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Xi Jinping forever? China comes to grips with leader's power play

Artur Widak/NurPhoto via ZUMA Press/dpa

China is set to remove a two-term limit for its president in what observers see as an "unprecedented" reversal of its political direction toward the 1970s, when the country's Communist leader had absolute power over the world's most populous nation.

Beijing (dpa) - A proposal to remove the Chinese presidential term limit reverberated across society a week ahead of the start of the annual parliamentary session during which President Xi Jinping will likely receive the greenlight to stay in power indefinitely.

The Central Committee of China’s Communist Party, a top ruling body, on Sunday proposed removing from the constitution a mention that the country’s president and vice president "shall serve no more than two consecutive terms."

The proposal, which is almost sure to be adopted by the country’s rubber-stamp parliament during its annual session starting March 5, suggests that Xi, 64, will continue in power after his current term ends in 2023.

It would be a stark reversal in the direction of Chinese politics, which in the past 30 years has followed a "collective leadership model" in order to prevent the unilateral – and sometimes catastrophic – decision-making that occurred under communist China’s founder, Mao Zedong.

Xi, who became president in 2013, used his first term in office to continually consolidate power. He oversaw a sweeping anti-corruption campaign, which among others, fell many of his political opponents; named allies in key positions in the government; and increased his influence over the army and the economy while reducing civil liberties.

Nevertheless, Sunday’s announcement, made by the state-run Xinhua news agency, came as a surprise to many. Some of the more outspoken social media users expressed their consternation, though outright political criticism is often censored in China. Censors had moved Monday to block search terms such as "serve another term."

"I want to cry," said a user of the WeChat messaging platform.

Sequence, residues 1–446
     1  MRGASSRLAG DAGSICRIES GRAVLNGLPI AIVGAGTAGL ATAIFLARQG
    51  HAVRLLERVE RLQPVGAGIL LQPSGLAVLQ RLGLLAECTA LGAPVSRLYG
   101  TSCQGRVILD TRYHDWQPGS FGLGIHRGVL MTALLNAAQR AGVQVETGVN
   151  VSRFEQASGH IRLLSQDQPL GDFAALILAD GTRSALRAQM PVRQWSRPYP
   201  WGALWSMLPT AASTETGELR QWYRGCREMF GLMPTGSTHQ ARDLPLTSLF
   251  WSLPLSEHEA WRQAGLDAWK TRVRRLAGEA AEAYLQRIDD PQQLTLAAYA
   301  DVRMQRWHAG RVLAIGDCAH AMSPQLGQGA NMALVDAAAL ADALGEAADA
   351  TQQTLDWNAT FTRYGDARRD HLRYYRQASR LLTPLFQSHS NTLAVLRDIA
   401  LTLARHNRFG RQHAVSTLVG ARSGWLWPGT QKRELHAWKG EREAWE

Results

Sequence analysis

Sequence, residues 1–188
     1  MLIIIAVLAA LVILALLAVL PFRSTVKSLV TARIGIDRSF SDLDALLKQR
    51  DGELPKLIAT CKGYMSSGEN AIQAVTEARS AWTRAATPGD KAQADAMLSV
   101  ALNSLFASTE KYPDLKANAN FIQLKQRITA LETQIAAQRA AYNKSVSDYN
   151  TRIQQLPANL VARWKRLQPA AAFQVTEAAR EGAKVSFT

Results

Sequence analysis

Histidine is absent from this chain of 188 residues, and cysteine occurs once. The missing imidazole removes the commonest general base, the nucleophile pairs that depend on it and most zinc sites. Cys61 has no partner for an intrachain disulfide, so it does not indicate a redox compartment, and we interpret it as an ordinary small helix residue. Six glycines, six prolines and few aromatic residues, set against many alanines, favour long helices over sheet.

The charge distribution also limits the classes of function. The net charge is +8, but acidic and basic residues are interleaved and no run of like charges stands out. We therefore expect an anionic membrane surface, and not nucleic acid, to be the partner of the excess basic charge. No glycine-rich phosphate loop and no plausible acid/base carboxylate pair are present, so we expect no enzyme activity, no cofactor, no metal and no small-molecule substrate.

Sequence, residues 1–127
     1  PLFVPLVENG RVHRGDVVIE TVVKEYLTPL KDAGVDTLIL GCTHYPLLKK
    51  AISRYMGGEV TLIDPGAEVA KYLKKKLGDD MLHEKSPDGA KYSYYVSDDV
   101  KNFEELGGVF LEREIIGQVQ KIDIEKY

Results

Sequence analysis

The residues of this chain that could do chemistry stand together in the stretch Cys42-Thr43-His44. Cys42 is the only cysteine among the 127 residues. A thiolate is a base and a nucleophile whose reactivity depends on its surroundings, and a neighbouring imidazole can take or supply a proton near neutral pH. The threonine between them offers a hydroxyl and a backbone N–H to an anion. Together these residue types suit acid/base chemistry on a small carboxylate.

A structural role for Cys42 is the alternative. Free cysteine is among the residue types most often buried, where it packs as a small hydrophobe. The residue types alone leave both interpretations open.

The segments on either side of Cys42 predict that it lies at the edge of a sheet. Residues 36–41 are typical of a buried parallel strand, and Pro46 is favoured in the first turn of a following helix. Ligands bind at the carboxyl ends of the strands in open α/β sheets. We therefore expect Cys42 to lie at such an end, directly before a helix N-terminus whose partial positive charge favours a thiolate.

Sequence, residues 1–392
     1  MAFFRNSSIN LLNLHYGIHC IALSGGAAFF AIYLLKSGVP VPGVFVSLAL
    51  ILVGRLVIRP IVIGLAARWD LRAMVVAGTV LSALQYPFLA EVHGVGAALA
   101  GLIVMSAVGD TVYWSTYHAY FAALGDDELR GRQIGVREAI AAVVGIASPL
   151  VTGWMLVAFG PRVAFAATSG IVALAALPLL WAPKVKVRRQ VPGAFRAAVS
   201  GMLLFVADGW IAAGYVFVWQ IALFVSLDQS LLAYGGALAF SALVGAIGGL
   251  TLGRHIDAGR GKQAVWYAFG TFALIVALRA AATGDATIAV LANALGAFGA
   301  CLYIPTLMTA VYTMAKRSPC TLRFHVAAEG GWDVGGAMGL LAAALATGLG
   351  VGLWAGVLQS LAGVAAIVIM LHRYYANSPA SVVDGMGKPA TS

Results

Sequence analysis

"Where will China go from here?" asked another. "I used to think such things could only happen in history or science fiction. I was too naive."

Some isolated calls to action were strewn among social media posts.

"This is the moment when each and every one of us has to make a radical change and make a choice," wrote a WeChat user.

Observers had previously expected that Xi would step down as president at the end of his second term and possibly remain the head of the Communist Party, thus upholding the political reforms enacted by Mao’s successor, Deng Xiaoping, who in 1982 abolished "lifelong leadership tenure."

"The [party] system is now undergoing a major change, which is unprecedented," said social commentator Zhang Lifan. "It will shake society, though we can’t predict the effects yet.

"Something we thought could never happen according to common sense – the change of the constitution – has happened. Something we thought should happen – opposition to this change from both inside and outside the system – has not happened, at least not clearly," Zhang added. "This is abnormal, but it’s a fact."

The Communist Party justifies the proposed change to the constitution through the need of a consistent leadership to see through Xi’s plans of achieving "socialist modernization" by 2035 and building a modern, prosperous society by 2050.

The amendment "doesn't mean that the Chinese president will have a lifelong tenure," the state tabloid Global Times wrote, adding that the party will continue to transfer power "in a law-abiding and orderly manner."

Critics, however, see the move as simply the latest step in Xi’s lifelong plan to become a dictator.

"It will be a return to the phase of Mao Zedong, the Cultural Revolution, when only one person makes a decision for 1.4 billion people," said Willy Lam, a professor at the Chinese University of Hong Kong. "One voice is heard, and no other voices are permitted. This is a scary situation."

Xi’s power play was foreshadowed at the twice-a-decade Communist Party Congress last October, when the party appointed five new members of the all-powerful Politburo Standing Committee, of whom none was young enough or with the right background to become Xi’s successor.

At the same gathering, China’s political elite voted to enshrine Xi’s political philosophy into the party charter. At the parliamentary session starting next week, the delegates are expected to write the "Xi Jinping Thought on Socialism with Chinese Characteristics for a New Era" into the constitution.

At the start of the roughly two-week session, China is also set to announce its military budget and the economic growth target for 2018.

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